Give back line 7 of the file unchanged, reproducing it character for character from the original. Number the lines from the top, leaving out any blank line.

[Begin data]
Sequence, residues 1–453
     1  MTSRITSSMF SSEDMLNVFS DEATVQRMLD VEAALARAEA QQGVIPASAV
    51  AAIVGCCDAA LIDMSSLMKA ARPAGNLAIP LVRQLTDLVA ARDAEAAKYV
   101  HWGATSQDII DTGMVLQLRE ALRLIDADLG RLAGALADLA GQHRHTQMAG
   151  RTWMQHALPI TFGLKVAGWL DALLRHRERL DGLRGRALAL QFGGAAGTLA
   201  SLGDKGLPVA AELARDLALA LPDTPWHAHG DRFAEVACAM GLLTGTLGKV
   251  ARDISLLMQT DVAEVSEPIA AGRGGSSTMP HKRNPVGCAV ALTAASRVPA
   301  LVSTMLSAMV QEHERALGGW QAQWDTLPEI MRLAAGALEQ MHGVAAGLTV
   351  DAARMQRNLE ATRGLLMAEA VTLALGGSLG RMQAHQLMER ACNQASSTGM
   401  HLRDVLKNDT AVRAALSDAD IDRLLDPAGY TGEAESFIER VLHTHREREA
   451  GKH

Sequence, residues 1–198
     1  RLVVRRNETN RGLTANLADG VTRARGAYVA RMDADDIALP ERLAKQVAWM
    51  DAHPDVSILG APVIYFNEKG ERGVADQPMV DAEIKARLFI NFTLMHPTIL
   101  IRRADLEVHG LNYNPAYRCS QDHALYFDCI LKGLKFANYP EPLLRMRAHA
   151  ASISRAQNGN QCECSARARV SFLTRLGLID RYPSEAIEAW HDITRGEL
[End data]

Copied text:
   251  ARDISLLMQT DVAEVSEPIA AGRGGSSTMP HKRNPVGCAV ALTAASRVPA